• Moderate-to-severe uterine tenderness with possible tetanic contractions

  • Maternal tachycardia with orthostatic changes in BP and heart rate

  • Fetal distress

  • Low fibrinogen levels present (causing clotting problems)

  • Class 1 Mildest form: approx 48% of all cases.

  • No vaginal bleeding to mild vaginal bleeding

  • Slightly tender uterus

  • Normal maternal BP and heart rate

  • No coagulopathy (clotting problems)

  • No fetal distress

Antepartum haemorrhage

Clinical Severity

  • Class 3: Severe form: Approx 24% of all cases.

  • No vaginal bleeding to heavy vaginal bleeding

  • Very painful tetanic uterus

  • Maternal shock

  • Coagulopathy

  • Fetal death

I abruptio placenta risk factors

I. Abruptio placenta: Risk factors

  • Hypertensive Disease

  • Multiple pregnancy

  • Trauma


I abruptio placenta risk factors1

I. Abruptio placenta: Risk factors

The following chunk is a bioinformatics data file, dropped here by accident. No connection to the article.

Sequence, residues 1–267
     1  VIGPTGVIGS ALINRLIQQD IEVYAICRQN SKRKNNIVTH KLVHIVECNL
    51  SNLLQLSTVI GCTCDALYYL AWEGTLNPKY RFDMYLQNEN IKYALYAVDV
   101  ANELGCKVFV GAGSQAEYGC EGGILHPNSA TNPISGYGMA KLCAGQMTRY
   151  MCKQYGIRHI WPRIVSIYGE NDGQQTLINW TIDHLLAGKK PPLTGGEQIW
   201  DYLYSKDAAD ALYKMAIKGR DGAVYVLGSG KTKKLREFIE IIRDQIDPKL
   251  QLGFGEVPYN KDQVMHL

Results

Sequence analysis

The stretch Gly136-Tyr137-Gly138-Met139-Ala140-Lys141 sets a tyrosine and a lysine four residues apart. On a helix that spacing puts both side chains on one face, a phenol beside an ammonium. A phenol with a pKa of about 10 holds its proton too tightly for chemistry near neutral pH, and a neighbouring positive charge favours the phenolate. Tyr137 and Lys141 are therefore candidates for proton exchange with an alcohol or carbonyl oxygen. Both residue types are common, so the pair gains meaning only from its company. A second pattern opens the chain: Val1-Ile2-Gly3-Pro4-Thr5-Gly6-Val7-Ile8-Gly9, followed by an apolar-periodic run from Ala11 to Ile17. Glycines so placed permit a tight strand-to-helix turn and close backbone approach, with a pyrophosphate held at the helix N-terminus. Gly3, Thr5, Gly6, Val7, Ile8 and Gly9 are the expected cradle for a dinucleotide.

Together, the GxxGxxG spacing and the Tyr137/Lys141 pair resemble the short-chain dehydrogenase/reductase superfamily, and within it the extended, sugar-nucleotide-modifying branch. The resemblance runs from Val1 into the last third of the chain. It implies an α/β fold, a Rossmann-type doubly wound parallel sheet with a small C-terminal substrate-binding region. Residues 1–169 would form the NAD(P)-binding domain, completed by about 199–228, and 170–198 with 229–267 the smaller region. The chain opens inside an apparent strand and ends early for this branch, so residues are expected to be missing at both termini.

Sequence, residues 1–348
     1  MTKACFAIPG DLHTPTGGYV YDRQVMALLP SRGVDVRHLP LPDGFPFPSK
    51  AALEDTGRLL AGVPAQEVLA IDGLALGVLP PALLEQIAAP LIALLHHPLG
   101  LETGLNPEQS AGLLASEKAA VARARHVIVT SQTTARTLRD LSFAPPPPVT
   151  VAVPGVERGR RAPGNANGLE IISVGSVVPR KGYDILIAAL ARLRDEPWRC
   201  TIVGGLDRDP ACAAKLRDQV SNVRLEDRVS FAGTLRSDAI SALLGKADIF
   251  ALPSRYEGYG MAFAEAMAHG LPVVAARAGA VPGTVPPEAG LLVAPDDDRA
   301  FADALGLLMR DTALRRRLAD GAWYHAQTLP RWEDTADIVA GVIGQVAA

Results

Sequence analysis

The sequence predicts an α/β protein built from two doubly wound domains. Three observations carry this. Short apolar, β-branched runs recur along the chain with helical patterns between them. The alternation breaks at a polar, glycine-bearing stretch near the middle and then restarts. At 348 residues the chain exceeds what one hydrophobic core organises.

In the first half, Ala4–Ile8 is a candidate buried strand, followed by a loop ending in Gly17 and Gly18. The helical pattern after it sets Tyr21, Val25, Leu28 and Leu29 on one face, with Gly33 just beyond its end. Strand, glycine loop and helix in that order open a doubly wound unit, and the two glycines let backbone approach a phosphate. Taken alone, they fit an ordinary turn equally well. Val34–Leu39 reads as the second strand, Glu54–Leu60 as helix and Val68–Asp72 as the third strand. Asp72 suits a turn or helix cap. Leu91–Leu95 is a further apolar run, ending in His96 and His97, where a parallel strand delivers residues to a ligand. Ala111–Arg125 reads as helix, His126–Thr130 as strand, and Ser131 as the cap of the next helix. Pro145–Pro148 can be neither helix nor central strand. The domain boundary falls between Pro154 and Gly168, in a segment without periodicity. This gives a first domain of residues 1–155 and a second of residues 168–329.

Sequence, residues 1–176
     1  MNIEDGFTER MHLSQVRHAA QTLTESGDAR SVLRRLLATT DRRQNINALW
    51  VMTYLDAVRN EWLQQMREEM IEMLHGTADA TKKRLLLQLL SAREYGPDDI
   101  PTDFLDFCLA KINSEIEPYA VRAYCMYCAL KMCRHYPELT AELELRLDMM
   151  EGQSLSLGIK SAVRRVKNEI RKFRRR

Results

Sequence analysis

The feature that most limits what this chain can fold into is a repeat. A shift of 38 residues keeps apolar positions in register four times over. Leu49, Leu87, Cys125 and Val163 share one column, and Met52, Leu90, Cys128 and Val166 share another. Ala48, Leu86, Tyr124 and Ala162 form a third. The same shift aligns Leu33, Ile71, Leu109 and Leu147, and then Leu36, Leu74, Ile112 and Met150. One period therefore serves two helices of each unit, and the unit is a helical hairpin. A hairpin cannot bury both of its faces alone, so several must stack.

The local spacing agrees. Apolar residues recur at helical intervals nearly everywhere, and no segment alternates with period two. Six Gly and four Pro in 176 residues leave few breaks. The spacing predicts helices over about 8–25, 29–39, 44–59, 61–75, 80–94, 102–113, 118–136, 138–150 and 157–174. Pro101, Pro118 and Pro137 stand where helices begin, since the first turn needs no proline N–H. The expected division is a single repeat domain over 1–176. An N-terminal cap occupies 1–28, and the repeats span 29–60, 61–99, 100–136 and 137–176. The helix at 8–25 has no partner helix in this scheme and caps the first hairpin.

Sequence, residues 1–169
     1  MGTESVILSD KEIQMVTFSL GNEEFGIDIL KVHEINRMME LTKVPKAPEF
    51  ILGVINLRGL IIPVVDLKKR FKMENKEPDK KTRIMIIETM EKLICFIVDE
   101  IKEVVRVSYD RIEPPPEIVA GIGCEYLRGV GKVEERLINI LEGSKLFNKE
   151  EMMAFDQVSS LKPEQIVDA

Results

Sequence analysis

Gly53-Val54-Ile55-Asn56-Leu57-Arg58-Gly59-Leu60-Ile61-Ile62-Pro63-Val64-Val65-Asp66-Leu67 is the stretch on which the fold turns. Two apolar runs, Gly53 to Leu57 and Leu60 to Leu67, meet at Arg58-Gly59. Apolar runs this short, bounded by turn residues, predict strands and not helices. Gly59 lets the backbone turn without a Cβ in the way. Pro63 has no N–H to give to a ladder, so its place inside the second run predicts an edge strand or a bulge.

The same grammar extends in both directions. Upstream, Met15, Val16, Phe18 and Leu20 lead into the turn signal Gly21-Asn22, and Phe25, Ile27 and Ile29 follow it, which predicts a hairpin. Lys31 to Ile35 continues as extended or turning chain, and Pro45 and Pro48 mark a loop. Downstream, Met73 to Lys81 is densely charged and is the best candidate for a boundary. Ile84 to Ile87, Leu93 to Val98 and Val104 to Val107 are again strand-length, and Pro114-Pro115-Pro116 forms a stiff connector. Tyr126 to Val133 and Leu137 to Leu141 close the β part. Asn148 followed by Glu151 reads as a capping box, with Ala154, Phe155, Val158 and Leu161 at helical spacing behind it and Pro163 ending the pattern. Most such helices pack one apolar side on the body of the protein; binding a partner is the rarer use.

• Anaemia

  • Polyhydramnios – sudden ↓intrauterine pressure

  • Short cord

  • Uterine leiomyoma: esp if located behind the placental implantation site, predispose to abruption

Abruptio placenta features

Abruptio Placenta: Features

  • Pain and tenderness

    • Initially localized then becomes generalized due to endometrial injury – extravasations of blood

  • Vaginal bleeding

  • Maternal distress

  • Often I.U.F.D

Placental abruption complications

Placental Abruption: Complications

  • Shock

  • Acute renal failure

    • Cause: ?seriously impaired renal perfusion 2° to ↓CO and intrarenal vasospasm as in preeclampsia

  • DIC

    • Consumptive coagulopathy 2° to hypofibrinogenemia along with elevated levels of fibrinogen–fibrin degradation products